Referring now to FIG. 2, one can see an embodiment that includes aspects of one engine 26. In one embodiment, the engine can include a number of cylinders 28, a number of pistons 30, a number of connecting rods 32, a crankshaft 34, dual overhead camshafts 36, intake valves 38, and exhaust valves 40. In general, inbound air 42 enters the engine via the intake region 44. As this inbound air 42 nears the cylinder 28, a fuel injector 46 injects fuel into the inbound-air, thereby creating the fuel/air mixture 48. An intake valve 38 opens, and the fuel/air mixture 48 enters the cylinder 28. The intake valve 38 then closes, the piston 30 compresses the fuel/air mixture 48, and the spark plug 50 emits a spark. The ensuing explosion drives the piston 30 downward and the exhaust valve 40 opens, thereby releasing exhaust gases to the exhaust region 52. In the illustrated embodiment, auxiliary air 54 is directed to the exhaust region 52 to heat various catalysts. The exhausted gas 56 is reused for the input stream to reduce pollution. In various embodiments, the engine can operate efficiently at high speeds by accurately monitoring and/or controlling various engine events (e.g., spark plug 50 emitting a spark, intake valve 38 opening or closing, exhaust valve 40 opening or closing).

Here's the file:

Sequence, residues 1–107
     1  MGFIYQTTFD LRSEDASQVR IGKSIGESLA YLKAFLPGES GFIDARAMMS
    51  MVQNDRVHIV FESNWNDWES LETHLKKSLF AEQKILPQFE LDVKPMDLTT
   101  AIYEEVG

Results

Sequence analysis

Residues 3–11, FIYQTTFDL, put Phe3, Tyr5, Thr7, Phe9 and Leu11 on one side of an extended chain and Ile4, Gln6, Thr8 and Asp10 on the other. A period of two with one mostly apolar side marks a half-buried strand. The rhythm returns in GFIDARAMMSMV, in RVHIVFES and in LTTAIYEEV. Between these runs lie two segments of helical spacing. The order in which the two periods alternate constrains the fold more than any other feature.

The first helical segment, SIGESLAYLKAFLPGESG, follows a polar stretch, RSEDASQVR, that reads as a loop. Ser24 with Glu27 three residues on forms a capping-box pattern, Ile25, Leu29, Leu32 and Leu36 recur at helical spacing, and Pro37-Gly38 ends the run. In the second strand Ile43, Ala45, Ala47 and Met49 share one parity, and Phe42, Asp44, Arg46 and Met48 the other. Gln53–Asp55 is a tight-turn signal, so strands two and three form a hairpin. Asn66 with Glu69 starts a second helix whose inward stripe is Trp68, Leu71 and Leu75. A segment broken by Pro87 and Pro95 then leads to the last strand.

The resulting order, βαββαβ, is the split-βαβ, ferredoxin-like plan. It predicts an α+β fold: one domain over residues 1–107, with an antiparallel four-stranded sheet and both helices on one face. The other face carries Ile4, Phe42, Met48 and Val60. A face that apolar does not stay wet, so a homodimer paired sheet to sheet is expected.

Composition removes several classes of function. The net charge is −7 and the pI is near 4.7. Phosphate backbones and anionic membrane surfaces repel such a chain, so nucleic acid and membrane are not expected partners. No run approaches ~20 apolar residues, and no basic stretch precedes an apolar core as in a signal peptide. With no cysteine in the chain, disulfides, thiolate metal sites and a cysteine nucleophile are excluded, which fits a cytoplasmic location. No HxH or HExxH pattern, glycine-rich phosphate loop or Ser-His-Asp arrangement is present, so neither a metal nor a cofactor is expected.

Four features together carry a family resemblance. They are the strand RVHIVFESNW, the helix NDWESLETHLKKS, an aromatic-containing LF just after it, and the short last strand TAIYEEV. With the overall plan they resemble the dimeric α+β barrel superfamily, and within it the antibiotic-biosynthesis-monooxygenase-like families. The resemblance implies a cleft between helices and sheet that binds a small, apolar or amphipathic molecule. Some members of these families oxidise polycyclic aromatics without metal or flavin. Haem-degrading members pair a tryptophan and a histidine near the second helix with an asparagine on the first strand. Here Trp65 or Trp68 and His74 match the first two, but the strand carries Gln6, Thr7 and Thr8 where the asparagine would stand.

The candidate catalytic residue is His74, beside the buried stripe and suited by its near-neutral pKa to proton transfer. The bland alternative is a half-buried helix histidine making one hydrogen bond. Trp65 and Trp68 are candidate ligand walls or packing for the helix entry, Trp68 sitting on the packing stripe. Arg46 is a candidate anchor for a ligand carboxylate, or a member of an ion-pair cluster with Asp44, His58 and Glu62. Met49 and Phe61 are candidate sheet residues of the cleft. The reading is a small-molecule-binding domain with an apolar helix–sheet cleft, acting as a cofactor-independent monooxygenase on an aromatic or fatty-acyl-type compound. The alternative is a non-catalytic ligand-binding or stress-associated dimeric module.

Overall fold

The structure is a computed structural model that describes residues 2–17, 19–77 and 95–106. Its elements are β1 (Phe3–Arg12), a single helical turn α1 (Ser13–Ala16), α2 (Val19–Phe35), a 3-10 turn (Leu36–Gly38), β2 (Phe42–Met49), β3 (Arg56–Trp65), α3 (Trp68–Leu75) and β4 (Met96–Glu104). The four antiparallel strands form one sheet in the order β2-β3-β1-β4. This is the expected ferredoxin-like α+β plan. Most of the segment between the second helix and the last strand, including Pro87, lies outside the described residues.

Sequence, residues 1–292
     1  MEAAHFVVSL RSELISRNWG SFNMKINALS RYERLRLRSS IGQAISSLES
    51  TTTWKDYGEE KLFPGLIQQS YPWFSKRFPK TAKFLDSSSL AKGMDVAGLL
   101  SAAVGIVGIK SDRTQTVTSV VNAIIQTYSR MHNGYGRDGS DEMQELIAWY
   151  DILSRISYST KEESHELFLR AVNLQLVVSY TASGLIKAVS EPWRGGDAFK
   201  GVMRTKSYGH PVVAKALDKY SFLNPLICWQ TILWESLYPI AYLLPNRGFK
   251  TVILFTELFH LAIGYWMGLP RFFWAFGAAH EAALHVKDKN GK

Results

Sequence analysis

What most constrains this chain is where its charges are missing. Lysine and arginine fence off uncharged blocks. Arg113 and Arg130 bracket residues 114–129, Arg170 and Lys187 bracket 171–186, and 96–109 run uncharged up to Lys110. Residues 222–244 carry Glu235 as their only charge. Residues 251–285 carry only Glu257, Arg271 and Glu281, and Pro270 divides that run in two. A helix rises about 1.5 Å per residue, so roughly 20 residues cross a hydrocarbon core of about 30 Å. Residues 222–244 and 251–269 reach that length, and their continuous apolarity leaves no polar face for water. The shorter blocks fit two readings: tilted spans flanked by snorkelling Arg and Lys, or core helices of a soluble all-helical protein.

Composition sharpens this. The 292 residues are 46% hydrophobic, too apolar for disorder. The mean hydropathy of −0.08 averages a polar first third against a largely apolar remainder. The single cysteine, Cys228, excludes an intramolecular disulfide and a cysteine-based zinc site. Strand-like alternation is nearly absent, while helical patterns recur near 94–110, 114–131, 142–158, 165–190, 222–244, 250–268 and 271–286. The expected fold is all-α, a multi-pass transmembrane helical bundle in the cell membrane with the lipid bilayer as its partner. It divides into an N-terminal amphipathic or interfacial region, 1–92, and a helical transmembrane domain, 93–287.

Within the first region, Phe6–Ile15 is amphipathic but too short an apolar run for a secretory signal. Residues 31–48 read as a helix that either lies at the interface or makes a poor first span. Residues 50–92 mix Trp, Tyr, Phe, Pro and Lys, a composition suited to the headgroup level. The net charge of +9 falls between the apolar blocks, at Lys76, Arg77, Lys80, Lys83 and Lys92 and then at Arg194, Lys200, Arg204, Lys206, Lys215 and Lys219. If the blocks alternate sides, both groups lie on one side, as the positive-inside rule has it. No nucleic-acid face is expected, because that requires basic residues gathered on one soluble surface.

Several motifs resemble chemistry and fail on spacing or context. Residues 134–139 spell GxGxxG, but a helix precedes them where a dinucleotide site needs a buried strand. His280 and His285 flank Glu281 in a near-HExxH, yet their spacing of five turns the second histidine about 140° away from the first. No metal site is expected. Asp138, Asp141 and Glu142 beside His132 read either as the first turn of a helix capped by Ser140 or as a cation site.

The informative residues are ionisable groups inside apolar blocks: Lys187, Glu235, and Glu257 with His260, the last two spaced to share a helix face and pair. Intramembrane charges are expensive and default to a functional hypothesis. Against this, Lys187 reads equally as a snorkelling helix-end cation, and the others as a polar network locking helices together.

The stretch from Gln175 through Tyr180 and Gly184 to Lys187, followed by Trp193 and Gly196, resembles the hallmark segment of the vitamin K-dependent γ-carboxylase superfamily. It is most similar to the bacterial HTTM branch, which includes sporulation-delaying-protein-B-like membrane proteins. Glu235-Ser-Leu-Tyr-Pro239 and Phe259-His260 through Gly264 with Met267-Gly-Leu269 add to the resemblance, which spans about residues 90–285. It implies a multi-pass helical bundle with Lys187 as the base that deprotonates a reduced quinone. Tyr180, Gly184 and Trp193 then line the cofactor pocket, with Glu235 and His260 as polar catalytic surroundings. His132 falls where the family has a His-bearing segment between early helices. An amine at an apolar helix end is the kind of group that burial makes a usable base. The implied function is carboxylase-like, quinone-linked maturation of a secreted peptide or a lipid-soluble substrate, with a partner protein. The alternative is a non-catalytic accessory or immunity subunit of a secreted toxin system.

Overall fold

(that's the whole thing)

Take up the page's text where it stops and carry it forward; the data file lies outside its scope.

Referring now to the illustrated embodiment in FIG. 3, one can see that an engine 26 may be coupled to the engine control system 62. The illustrated engine control system 62 comprises: a block of engine sensors 64 for monitoring engine values, a dual capture peripheral 66 for storing at least two engine values on a single compare event, and a microcontroller 68. In short, the block of engine sensors 64 can monitor one or more engine values and the dual capture peripheral 66 can store at least two of these engine values. The microcontroller 68 then reads at least two of the engine values from the dual capture peripheral. Based on the engine values, the microcontroller 68 may provide a variety of control signals to the engine 26. In short, by providing a variety of control signals related to the engine values, the engine control system 62 may allow the engine 26 to operate more efficiently.

In various embodiments, the term “microcontroller” includes, but is not limited to: microcontroller(s), microprocessor(s), FPGA(s), PLA(s), ASIC(s), or DSP(s). In various embodiments, each of the terms “control signal” and “control signals” includes, but is not limited to: ignition signal(s) that may relate to one or more spark plugs 50 emitting a spark; injection signal(s) that may relate to one or more fuel injectors 46 injecting fuel; valve control signal(s) that may relate to the opening and/or closing of various valves, including one or more intake valve(s) 38 and/or one or more exhaust valve(s) 40; system control signal(s); and/or component control signal(s).